We then went to Reading Abbey Ruins, apparently a popular hang-out spot for teens on school holiday. The kids have now decided that Henry VIII is the meanest person every because (according to their talley) he broke two churches and killed his wives just for having girls. Funny that the way this trip started was that Ian was crazy about Henry VIII and wanted to see his armour.

One short block brought us to the Reading Museum and an amazing display: a life-size replica of the Bayeux Tapestry stitched 100 years ago. Having been to Battle, the kids enjoyed reading the captions and finding the pictures that matched. They both enjoyed finding the chain mail and looking at the shield shapes. Ian (someone please explain to me) was fascinated with the panel of the dying Edward the Confessor, his funeral, and the double death of King Harold.

Shooed out 10 minutes before closing, we decided to take in an early showing of the film (probably not to come to the US) “Mr. Bean’s Holiday.” It was a great laugh and especially fun for us as we are on holiday in a foreign country, though not hitting near the snags.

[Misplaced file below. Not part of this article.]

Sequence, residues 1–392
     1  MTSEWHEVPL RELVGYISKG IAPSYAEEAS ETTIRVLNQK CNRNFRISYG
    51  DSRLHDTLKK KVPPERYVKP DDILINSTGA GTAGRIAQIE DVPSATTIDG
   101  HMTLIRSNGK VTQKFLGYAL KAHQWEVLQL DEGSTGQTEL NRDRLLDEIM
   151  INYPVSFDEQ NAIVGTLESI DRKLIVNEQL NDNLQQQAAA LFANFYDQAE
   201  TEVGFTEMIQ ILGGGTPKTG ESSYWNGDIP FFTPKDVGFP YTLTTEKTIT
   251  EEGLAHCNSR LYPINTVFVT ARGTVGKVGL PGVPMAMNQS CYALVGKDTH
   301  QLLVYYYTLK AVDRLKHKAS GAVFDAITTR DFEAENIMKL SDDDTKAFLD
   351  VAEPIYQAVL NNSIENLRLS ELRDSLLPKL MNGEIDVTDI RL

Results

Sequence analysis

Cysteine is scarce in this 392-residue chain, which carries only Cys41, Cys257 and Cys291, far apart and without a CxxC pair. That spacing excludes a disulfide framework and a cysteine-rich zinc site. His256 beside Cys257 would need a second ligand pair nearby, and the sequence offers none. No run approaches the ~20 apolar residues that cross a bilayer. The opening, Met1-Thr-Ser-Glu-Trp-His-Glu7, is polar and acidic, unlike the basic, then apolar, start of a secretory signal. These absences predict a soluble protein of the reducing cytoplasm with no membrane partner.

And thus I am now officially caught up with our journey so far. Kurt took the kids to McDonald’s for dinner (yes, we finally gave in – but they’ve been good sports) and I had a cup of tea in Smelly Alley.

You’ve gotta love England!
Jessi

Quote of the Day:

Ian, after studying the Bayeux Tapestry replica, “Where is King Harold’s funeral?” (Ah, war-politics boiled down to a 3rd grade level…)

Megan, at lunch to Kurt’s co-workers, “My favorite food so far is – Mom what do you call that sausage thing?” (Bangers n’ Mash)

Trains & LEGO’s

3 April 2007 § Leave a comment